I first tasted this molasses cookie at the Josephine restaurant opening in Nashville. Golding and her husband, Brent, who live in Columbia, a small south-central Pennsylvania town in the heart of Amish country, were living in Nashville at the time and helped open the restaurant. Everyone in the Josephine kitchen loved Golding’s family cookie recipe so much that they gave away cookies and the recipe on opening nights.
This recipe explains why cookies have been an important contribution to American family life. It has a story that continues to unfold with new generations of cookie bakers, and it works today as it did yesterday because it’s easy to bake with what you have on hand. You just roll balls of dough in granulated sugar and flatten them with the bottom of a glass on a pan before baking. Bean Grandma let her cookies cool 2 minutes before serving—I hope you can wait that long!
PREP: 20 to 25 minutes
CHILL: 1 to 2 hours
BAKE: 7 to 9 minutes
MAKES: About 4 dozen (2 1/2" to 3") cookies
1 1/4 cups granulated sugar, divided use
3/4 cup vegetable shortening (see Baking Tips) or 1/2 cup (1 stick) unsalted butter, at room temperature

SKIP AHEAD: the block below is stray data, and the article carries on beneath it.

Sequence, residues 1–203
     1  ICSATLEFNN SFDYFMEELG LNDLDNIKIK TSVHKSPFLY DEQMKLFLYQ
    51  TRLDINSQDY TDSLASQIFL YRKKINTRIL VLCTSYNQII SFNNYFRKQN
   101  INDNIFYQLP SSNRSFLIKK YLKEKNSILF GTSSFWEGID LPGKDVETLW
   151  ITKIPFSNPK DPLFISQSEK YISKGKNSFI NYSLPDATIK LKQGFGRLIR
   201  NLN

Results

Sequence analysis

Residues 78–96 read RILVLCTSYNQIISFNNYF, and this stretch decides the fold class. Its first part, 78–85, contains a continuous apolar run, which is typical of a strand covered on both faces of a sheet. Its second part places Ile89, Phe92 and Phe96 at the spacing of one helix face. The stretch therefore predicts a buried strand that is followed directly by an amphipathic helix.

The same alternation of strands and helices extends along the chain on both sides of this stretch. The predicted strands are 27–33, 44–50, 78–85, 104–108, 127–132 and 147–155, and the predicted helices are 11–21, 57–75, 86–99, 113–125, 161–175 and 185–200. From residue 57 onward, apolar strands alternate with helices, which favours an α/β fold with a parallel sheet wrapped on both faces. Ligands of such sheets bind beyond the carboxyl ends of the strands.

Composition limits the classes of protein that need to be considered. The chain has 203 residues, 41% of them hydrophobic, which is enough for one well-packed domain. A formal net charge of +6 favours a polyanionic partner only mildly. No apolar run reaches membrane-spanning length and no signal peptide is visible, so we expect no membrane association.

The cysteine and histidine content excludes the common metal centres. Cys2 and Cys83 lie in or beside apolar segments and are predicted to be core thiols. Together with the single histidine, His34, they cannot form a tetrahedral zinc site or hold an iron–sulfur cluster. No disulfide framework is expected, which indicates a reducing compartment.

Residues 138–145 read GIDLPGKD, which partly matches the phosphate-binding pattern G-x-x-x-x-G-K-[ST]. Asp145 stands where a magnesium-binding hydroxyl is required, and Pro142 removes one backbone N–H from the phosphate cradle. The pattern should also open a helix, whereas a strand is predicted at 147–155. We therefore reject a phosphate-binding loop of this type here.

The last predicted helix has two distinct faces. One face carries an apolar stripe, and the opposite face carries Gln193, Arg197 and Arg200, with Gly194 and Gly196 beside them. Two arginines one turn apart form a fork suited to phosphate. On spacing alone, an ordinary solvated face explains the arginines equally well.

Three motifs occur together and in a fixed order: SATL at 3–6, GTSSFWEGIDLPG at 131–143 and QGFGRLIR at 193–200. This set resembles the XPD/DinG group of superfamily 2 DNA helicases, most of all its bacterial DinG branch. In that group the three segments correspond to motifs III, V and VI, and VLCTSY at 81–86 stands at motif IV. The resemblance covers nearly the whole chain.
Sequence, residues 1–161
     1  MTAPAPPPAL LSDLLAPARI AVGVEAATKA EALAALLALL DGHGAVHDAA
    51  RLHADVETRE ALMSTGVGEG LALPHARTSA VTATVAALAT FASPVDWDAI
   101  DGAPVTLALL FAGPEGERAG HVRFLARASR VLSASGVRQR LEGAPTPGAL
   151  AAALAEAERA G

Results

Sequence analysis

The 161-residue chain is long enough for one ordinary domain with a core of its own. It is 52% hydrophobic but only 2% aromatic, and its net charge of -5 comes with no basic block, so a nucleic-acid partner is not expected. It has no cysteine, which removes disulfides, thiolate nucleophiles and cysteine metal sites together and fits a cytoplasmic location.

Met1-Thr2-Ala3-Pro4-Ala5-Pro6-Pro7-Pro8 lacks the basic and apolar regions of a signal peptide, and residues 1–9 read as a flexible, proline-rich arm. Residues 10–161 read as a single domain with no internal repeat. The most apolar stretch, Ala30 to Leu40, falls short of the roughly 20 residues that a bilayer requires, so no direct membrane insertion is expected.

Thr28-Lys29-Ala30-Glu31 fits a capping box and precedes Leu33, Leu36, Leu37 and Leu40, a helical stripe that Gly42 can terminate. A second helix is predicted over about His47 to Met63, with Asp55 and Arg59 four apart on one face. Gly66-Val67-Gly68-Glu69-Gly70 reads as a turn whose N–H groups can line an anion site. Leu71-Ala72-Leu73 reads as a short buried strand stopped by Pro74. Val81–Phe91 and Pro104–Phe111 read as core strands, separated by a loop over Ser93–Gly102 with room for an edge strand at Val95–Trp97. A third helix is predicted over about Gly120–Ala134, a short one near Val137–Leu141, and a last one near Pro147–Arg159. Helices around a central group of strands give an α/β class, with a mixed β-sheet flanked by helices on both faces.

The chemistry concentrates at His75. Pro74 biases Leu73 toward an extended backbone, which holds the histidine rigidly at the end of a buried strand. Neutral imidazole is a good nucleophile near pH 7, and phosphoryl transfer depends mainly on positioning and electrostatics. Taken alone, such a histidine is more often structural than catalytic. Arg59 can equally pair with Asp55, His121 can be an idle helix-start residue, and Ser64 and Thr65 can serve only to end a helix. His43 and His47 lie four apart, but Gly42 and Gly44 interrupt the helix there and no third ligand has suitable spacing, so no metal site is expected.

1/4 cup molasses or sorghum
1 large egg
2 cups all-purpose flour
2 teaspoons baking soda
1 teaspoon ground cinnamon
1/2 teaspoon ground ginger
1/2 teaspoon salt
1. Place 1 cup of the sugar and the shortening or soft butter in a large mixing bowl. Beat with an electric mixer on medium speed until creamy, about 2 minutes. Add the molasses and egg, and beat on low until just combined.
2. In a separate bowl, sift together the flour, baking soda, cinnamon, ginger, and salt. Fold into the creamed mixture, and mix on low speed until just combined, 30 seconds. Remove the beaters, cover the bowl with plastic wrap, and chill for 1 to 2 hours.
3. Place a rack in the center of the oven, and preheat the oven to 350°F.
4. Remove the dough from the refrigerator. Drop the dough in 1" pieces onto ungreased baking sheets. Space each piece about 3" apart. Roll the pieces in the remaining 1/4 cup granulated sugar to form balls. Flatten the cookies with the bottom of a juice glass. Place the pan in the oven.